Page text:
This piece is jointly authored by Nuno Lopes and John Regehr.
Compilers should be correct, but it is not straightforward to formally verify a production-quality compiler implementation. It is just too difficult to recover the high-level algorithms by looking at an enormous mess of arithmetic, loops, and memory side effects. One solution is to write a new compiler such as CompCert that is designed to be verified. Alternatively, we keep our large, low-level code base such as GCC or LLVM and settle for weaker forms of validation than formal verification. This piece is about a new way to do the second thing. Our focus is the middle-end optimizers, which seem to be the most difficult part of a compiler to get right. The target is LLVM.
End-to-end compiler testing, supported by a random source code generator like Csmith, is great — but it only gets us so far. The expressiveness of the program generator is one limitation, but a more serious problem is the normalization that happens in the compiler frontend. The issue is that there are a lot of valid code patterns that Clang will never emit and that are therefore impossible to test by driving Clang. As a Clang user you may not happen to care about this, but as LLVM people we want the middle-end optimizations to be free of logic errors and also the non-Clang-emittable code is important in practice since there are lots of frontends out there besides Clang.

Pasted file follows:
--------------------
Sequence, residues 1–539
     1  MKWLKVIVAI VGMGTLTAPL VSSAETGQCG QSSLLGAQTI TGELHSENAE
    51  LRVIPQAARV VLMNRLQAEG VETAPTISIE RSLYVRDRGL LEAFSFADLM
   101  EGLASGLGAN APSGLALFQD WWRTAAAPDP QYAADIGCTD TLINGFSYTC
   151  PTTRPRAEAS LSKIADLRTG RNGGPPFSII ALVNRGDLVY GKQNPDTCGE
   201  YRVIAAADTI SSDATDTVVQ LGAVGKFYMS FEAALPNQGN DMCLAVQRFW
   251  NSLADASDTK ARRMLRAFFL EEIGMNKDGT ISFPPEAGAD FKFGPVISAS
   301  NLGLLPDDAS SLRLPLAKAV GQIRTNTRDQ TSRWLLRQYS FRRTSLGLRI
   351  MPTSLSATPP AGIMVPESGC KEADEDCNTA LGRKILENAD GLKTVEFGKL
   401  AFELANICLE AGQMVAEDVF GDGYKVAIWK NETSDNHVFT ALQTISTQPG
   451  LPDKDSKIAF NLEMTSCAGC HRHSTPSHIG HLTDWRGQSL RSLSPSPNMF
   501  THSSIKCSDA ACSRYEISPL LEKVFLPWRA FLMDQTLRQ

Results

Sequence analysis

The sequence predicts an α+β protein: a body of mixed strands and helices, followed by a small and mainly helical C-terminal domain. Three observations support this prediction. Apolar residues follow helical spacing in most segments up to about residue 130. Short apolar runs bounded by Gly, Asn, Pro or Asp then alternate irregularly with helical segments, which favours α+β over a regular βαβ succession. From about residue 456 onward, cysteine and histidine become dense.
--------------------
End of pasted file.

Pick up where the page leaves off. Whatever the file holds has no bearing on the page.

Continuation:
The first step is to generate lots of LLVM IR. Rather than creating a relatively small number of large functions, as Csmith would do, this IR generator generates lots of tiny functions: it uses bounded exhaustive test generation to create every LLVM function up to a certain size. A fun thing about this kind of generator is its choose() operator. In random mode, choose() returns a random number; in exhaustive mode, it uses fork() to explore all alternatives. While this isn’t the most efficient way to do search, leveraging the OS keeps the generator very simple. The most vexing thing about this design is allowing it to use multiple cores while stopping it from being a fork bomb. The current version doesn’t contain code that tries to do this.
The next step is to run LLVM optimizations on the generated functions. One thing we want to try is the collection of passes that implements “-O2,” but it also makes sense to run some individual passes since it is possible for sequences of passes to miss bugs: early passes can destroy constructs that would trigger bugs in later ones, and the late passes can clean up problems introduced by earlier ones. In fact both of those things seem to happen quite often.